Saturday, 15 July 2006

Chlorosis in Sugarcane.

R. B. Somawanshi, Mahatma Phule Agricultural Univ, Rahuri, 12-A , Siddhivinayak Society, Savedi, Ahmednagar, 414003, India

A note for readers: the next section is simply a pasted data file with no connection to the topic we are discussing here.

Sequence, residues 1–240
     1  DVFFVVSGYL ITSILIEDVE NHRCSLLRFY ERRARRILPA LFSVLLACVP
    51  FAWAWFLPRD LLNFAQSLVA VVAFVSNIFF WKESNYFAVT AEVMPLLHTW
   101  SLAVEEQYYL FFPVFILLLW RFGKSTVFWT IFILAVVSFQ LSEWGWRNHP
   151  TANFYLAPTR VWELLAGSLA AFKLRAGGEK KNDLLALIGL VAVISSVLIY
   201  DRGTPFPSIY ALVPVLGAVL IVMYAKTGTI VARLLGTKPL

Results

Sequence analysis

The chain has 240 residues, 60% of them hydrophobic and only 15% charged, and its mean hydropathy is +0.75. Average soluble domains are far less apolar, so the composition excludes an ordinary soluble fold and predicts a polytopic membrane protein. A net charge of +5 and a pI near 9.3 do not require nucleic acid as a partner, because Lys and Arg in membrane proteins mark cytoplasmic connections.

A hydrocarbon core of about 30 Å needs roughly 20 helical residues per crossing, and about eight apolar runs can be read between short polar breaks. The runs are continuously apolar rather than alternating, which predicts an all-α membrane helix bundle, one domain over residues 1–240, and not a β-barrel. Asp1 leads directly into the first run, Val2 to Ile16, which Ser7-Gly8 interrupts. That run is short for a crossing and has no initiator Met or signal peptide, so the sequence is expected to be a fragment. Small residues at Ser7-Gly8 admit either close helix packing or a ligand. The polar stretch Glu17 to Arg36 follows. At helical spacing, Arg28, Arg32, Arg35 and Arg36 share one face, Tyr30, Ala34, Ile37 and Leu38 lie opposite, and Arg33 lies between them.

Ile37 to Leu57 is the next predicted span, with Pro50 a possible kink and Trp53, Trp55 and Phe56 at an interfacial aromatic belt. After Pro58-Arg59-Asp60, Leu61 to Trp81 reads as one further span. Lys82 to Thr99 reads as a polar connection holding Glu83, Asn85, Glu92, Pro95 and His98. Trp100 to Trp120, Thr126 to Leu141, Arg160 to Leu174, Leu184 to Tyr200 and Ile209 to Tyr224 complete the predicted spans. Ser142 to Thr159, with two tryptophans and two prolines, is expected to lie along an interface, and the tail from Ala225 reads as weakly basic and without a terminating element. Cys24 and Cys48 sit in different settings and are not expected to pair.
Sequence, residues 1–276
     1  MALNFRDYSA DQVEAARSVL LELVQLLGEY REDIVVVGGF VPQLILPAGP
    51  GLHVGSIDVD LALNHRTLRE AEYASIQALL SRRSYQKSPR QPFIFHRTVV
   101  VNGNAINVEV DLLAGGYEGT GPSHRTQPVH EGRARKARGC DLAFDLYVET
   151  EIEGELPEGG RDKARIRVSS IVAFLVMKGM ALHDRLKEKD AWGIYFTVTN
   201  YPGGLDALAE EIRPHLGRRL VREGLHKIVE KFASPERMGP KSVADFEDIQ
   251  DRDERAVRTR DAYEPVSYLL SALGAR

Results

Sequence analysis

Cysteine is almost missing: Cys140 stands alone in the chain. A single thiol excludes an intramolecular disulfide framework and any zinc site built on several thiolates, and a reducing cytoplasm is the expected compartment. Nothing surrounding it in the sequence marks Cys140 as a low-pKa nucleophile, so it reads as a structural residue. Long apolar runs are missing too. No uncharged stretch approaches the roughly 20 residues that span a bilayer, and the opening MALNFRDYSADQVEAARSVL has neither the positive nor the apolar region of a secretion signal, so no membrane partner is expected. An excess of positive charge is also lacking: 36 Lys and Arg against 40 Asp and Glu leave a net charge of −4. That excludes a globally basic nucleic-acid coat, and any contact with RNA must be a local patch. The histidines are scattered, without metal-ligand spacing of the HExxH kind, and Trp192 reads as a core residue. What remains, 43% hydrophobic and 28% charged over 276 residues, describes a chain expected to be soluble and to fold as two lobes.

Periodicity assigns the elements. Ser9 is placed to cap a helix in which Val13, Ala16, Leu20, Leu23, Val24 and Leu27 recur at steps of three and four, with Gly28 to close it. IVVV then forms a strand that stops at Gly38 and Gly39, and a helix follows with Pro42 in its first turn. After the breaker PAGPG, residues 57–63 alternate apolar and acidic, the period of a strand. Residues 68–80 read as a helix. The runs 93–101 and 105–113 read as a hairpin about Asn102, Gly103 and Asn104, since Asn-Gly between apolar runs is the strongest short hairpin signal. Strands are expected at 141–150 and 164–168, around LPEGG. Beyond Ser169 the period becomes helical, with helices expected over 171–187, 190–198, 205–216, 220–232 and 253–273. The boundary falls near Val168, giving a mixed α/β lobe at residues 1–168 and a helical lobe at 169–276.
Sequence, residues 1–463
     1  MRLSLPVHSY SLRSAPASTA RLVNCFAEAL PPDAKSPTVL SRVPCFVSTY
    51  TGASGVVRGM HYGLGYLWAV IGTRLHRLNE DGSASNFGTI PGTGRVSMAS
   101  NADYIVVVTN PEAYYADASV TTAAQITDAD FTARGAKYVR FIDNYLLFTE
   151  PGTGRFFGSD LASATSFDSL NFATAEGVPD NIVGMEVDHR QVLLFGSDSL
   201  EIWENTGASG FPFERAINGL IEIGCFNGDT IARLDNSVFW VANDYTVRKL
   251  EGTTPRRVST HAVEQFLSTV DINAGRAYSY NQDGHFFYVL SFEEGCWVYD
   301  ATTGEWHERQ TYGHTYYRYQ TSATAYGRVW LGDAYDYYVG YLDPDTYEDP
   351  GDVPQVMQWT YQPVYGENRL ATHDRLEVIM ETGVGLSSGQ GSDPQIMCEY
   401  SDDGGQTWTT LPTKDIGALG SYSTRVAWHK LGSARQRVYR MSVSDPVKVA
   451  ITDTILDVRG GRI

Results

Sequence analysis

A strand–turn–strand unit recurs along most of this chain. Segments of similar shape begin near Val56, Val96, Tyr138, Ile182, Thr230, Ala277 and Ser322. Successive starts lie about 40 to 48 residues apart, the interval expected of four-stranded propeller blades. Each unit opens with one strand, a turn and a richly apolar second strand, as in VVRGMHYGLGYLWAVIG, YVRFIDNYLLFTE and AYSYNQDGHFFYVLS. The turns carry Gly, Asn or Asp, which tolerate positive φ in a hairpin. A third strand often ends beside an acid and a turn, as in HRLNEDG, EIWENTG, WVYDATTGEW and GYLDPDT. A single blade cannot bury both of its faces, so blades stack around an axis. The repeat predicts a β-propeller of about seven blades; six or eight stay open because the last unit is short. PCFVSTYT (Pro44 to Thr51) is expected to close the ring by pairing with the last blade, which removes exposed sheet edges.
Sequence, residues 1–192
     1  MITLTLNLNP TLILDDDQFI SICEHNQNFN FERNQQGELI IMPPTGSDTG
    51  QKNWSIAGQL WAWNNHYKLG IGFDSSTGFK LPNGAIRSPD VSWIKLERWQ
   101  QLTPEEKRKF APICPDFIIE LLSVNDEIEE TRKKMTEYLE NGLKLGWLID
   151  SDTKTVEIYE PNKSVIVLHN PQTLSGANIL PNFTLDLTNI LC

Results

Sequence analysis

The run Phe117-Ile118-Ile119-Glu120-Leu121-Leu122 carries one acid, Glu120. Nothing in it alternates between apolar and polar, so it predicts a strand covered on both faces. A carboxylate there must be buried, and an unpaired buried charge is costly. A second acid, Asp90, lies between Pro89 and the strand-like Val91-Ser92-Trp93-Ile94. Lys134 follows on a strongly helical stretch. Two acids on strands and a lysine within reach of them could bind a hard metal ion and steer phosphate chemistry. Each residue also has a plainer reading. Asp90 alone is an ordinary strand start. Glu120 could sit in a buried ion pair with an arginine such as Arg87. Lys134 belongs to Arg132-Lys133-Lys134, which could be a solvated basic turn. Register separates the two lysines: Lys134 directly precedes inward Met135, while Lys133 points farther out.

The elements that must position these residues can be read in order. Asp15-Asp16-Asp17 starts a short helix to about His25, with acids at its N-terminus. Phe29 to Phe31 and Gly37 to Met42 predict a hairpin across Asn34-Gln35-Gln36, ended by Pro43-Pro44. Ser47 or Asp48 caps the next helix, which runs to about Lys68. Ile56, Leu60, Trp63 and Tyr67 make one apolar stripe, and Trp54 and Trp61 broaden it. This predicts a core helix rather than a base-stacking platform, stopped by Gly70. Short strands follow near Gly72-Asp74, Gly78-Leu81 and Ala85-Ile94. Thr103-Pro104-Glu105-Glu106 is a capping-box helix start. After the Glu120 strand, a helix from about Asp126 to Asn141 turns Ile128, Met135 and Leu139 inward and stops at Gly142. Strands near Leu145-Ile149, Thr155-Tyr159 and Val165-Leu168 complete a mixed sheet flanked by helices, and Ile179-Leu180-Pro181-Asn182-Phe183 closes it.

Greenhouse and field experiments were conducted using different chlorosis susceptible and tolerant cultivars to relate chlorosis to soil properties and root growth of sugarcane. Chlorosis prone soils had chlorotic and nonchlorotic plants growing side by side in the same field. Another group of soils had no chlorotic plants even in a highly susceptible sugarcane cultivar CO 7219. Chlorosis prone soils had higher Mg supplying capacity than chlorosis-resistant soils. Both the groups of soils were highly calcareous (5-17 CaCO3 equivalent %). As such, the term lime induced chlorosis needs to be used cautiously. Soils from chlorisis-prone fields had average DTPA-Fe 5.57 mg/kg, Mn 7.44 mg/kg and CaCO3 13.2% and the respective values for chlorosis resistant soils were 7.46, 7.31 and 9.7. For comparison of green plant with chlorotic plant an arbitrary limit of 1 mg chlorophyll/g fresh leaf was fixed below which sugarcane plant looked chlorotic. The chlorosis prone soils had DTPA Fe/Mn ratio of 0.74, which was significantly lower than chlorosis resistant soils (1.02). The K content of saturated paste extract of chlorosis prone soils was exceptionally high (2.7 meq/L) compared to K content of chlorosis resistant soils (0.59 meq/L). Chlorosis-prone soils had colour notations ranging from 10 YR 2/2 to 10 YR 5/2 whereas chlorosis-resistant soils had a range of 10 YR 1/1 to 10 YR 2/2 with vertic properties. Vertisols rarely induced chlorosis in sugarcane even in most susceptible cultivars like CO 7219. Restricted root growth and very few white tender roots (1.7 g/plant) were the characteristic features of chlorotic plant as compared to 3.33-g/green plant. The plants in which initiation of new roots stopped first turned chlorotic first whereas plant in which new roots formation started first turned green first thus chlorosis is a dynamic phenomenon related to root growth. Wider shoot - root ratio (7.81) was another typical feature of chlorotic plants from chlorosis-prone foils, while plants from chlorosis-resistant soil had narrow ratio of 2.3. Leaf chlorophyll concentration was significantly correlated with dry matter of white tender roots. Average dry matter of roots of 17 cultivars was 39.8 g/plant during summer season, which was higher than same cultivars grown in winter season (12.3 g/plant). Study suggested that screening of sugarcane for their tolerance to chlorosis may be done during winter season. The cultivar CO 419 was observed to be tolerant to chlorosis under chlorosis-prone soil conditions. Chlorosis resulted in significant reduction, (38.2%) in millable cane yield, (33.2%) in juice and (7.5%) in sugar yield compared to green plants. Foliar application of 0.5% of ferrous ammonium sulphate corrected chlorotic condition of young plants but its effect could last for a few days suggesting periodical spraying of chemical. Key words: Chlorosis, DTPA-Fe, lime, root growth, and chlorophyll.

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